Many microwaves come with preset cooking modes so you only have to press one button to automatically cook a dish. For example, many microwaves have a “popcorn” button that will cook your bag based on factory settings. This can be handy for common dishes you heat in the microwave, but you’ll have to figure out if the microwave’s default cook times work for your own food. Other common presets include: baked potato, pizza, beverage, frozen dinner and reheat.

Broil

Manufacturers are increasingly including features in microwaves that mimic what we see in full-size ovens, such as a broiler. This is a good addition for finishing off a dish or cooking something for which you’d prefer more direct heat.

Convection

A convection fan that’s built into the back of a microwave oven circulates the heat around the food to cook things more quickly and evenly. (Many new full-size ovens come with at least one convection fan.) However, microwaves with convection fans are generally more expensive than those without.

Inverter technology

Inverter heating is another option available on some high-end models. If you want to heat something at a 50 percent power level, most microwaves actually switch between 100 percent power and 0 percent power to average in at 50 percent power. This doesn’t yield great results if you want to heat something on a lower heat and achieve an even result. So, some models now use inverter technology, which maintains a consistent 50 percent power. That way, you can poach salmon, make a fluffy omelet, etc.

Other advanced features

In addition to new heating technologies, higher-end models usually have more presets than just the basic pizza, popcorn and baked potato standard. Some use moisture sensors to detect food doneness. And we’ve started to see models include LED lighting on the interior.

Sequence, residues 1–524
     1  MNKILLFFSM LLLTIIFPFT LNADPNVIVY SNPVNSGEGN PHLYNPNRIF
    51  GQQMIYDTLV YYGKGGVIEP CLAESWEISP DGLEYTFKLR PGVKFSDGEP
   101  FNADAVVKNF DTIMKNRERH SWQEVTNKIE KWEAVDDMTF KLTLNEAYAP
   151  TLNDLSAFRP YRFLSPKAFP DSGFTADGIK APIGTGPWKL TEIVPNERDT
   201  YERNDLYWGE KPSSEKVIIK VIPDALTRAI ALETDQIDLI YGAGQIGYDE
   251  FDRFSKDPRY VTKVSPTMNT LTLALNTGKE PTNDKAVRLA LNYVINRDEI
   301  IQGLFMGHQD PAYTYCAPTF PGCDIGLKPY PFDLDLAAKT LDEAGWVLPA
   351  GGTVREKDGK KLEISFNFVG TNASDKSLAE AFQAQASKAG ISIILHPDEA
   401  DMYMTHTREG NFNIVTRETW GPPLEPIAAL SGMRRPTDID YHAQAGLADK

“Smart” technology, i.e. options that connect microwaves to the internet and other products, aren’t as widespread in microwaves as we’ve seen in other kitchen appliances. However, we’ve seen GE Appliances include Bluetooth technology in some of its over-the-range microwaves. This connection, which GE calls “Chef Connect,” pairs the microwave with compatible GE ranges so the light and fan beneath the microwave automatically turns on when you turn on a burner.

More options

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Will the June Intelligent Oven become the next microwave?Tyler Lizenby/CNET

Other small appliances have started to make a case for forgoing the microwave, such as steam ovens that use water to cook for more moist heating or the basic toaster oven that mimics a full-size stove. These options promise to cook more effectively than a microwave, but it might take longer to reheat your food.

Smart countertop ovens have also started to become an option. The June Intelligent Oven uses facial recognition technology to identify food and cook it automatically, and the Tovala Smart Oven will scan packaged meals for automatic cooking, including frozen meals from Trader Joe’s. These options are promising, but the technology is too new to determine whether or not these will become kitchen staples.